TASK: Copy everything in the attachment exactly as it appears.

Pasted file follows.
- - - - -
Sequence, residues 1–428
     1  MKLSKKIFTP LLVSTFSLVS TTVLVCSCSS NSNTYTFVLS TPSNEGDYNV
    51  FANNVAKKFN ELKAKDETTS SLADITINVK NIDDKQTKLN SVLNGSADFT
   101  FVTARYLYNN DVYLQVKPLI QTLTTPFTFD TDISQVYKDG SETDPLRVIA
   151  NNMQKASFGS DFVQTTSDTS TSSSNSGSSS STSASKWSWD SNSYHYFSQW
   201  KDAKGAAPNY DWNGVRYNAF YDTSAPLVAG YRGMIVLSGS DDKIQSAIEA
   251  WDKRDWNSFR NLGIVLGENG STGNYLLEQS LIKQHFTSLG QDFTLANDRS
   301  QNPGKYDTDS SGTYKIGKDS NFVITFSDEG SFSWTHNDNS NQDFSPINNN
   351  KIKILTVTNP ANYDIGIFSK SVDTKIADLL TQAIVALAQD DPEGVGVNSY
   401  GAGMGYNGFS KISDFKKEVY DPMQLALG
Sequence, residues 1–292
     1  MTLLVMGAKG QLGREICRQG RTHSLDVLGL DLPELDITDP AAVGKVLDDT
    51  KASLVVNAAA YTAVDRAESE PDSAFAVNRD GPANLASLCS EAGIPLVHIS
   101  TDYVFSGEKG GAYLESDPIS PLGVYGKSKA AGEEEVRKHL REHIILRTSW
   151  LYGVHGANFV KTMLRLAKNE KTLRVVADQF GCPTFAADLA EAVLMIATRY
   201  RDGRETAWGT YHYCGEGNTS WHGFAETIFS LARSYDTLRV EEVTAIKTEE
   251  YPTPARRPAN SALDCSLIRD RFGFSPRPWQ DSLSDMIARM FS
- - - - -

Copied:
Sequence, residues 1–428
     1  MKLSKKIFTP LLVSTFSLVS TTVLVCSCSS NSNTYTFVLS TPSNEGDYNV
    51  FANNVAKKFN ELKAKDETTS SLADITINVK NIDDKQTKLN SVLNGSADFT
   101  FVTARYLYNN DVYLQVKPLI QTLTTPFTFD TDISQVYKDG SETDPLRVIA
   151  NNMQKASFGS DFVQTTSDTS TSSSNSGSSS STSASKWSWD SNSYHYFSQW
   201  KDAKGAAPNY DWNGVRYNAF YDTSAPLVAG YRGMIVLSGS DDKIQSAIEA
   251  WDKRDWNSFR NLGIVLGENG STGNYLLEQS LIKQHFTSLG QDFTLANDRS
   301  QNPGKYDTDS SGTYKIGKDS NFVITFSDEG SFSWTHNDNS NQDFSPINNN
   351  KIKILTVTNP ANYDIGIFSK SVDTKIADLL TQAIVALAQD DPEGVGVNSY
   401  GAGMGYNGFS KISDFKKEVY DPMQLALG
Sequence, residues 1–292
     1  MTLLVMGAKG QLGREICRQG RTHSLDVLGL DLPELDITDP AAVGKVLDDT
    51  KASLVVNAAA YTAVDRAESE PDSAFAVNRD GPANLASLCS EAGIPLVHIS
   101  TDYVFSGEKG GAYLESDPIS PLGVYGKSKA AGEEEVRKHL REHIILRTSW
   151  LYGVHGANFV KTMLRLAKNE KTLRVVADQF GCPTFAADLA EAVLMIATRY
   201  RDGRETAWGT YHYCGEGNTS WHGFAETIFS LARSYDTLRV EEVTAIKTEE
   251  YPTPARRPAN SALDCSLIRD RFGFSPRPWQ DSLSDMIARM FS